http://edis.ifas.ufl.edu/uw452

How to Promote Purple Martins in North Florida

Purple martin housing should be located in open, grassy areas with no tall trees and should be mounted with a system that enables housing to be lowered for nest checks and maintenance. Photo by Pam Winegar.

Purple Martins are highly social, cavity-nesting birds. In the Eastern United States, a shortage of natural housing options has left these fascinating and attractive birds completely dependent on man-made housing. Author Holly K. Ober tested seven commercially available martin houses to determine what is best for martins in north Florida and provides recommendations in this 4-page fact sheet published by the UF/IFAS Department of Wildlife Ecology and Conservation.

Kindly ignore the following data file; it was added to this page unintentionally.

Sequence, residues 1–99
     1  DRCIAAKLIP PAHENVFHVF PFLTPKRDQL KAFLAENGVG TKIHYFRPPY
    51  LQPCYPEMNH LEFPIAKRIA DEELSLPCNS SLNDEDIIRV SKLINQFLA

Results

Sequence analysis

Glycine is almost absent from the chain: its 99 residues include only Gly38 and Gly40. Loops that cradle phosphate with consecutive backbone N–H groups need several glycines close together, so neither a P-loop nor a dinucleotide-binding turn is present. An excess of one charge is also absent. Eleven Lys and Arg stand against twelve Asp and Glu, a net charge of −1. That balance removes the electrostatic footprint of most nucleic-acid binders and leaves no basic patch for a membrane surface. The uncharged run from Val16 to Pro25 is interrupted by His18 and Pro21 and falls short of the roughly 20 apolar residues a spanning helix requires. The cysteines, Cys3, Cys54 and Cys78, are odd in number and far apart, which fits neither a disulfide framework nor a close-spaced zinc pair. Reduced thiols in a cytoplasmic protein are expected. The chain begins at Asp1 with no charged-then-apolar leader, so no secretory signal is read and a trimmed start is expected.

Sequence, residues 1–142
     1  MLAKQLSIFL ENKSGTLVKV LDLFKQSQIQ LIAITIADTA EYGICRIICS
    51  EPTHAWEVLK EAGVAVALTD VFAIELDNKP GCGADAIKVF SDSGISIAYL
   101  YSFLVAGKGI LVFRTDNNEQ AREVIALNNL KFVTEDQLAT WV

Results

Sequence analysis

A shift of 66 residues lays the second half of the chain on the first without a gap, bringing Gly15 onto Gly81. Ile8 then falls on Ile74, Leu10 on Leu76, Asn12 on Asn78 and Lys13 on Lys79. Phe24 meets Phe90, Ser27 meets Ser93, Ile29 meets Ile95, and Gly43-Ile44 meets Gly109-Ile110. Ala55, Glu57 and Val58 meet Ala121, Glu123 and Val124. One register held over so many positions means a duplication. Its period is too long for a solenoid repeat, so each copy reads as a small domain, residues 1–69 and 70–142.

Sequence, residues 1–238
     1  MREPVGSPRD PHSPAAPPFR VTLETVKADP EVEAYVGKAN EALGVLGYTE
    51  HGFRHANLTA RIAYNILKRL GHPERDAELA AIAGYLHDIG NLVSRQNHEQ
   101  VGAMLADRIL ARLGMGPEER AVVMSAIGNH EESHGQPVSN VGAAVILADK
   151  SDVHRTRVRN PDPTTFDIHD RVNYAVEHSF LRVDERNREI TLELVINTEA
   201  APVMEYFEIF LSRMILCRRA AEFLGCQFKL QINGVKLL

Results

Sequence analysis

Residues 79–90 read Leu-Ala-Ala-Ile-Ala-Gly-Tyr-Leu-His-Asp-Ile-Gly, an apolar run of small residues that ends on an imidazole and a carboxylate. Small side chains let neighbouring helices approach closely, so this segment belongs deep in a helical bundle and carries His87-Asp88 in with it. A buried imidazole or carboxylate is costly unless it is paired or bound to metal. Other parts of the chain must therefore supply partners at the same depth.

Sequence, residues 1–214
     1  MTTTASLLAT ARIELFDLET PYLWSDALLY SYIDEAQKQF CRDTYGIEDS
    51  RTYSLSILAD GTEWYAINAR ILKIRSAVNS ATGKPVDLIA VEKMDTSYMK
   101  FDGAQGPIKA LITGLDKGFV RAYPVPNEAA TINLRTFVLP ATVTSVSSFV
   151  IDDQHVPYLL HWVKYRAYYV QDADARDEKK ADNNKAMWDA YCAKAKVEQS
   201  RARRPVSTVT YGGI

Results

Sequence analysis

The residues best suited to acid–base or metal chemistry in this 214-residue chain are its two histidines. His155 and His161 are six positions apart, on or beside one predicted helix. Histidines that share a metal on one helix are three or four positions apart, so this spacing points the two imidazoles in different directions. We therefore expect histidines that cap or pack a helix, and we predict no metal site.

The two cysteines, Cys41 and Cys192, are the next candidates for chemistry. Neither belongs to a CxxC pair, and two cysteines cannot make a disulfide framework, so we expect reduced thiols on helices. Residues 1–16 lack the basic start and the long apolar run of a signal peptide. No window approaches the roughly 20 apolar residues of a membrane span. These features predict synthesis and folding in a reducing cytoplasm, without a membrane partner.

http://edis.ifas.ufl.edu/uw450

Facts About Wildlife Diseases: Eastern Equine Encephalitis

mosquito
The Eastern equine encephalitis virus (EEEV) causes Eastern equine encephalitis (EEE) disease in birds, humans, horses, and other animals in the eastern United States, including Florida, which is especially receptive to the virus because of its freshwater hardwood swamps and wetlands, which provide good niches for the mosquito vectors of the disease. This 5-page fact sheet written by Samantha Wisely and Karen Hood and published by the UF/IFAS Department of Wildlife Ecology and Conservation describes the disease and includes strategies for limiting its spread.
http://edis.ifas.ufl.edu/uw453

Florida’s Geologic History

fossils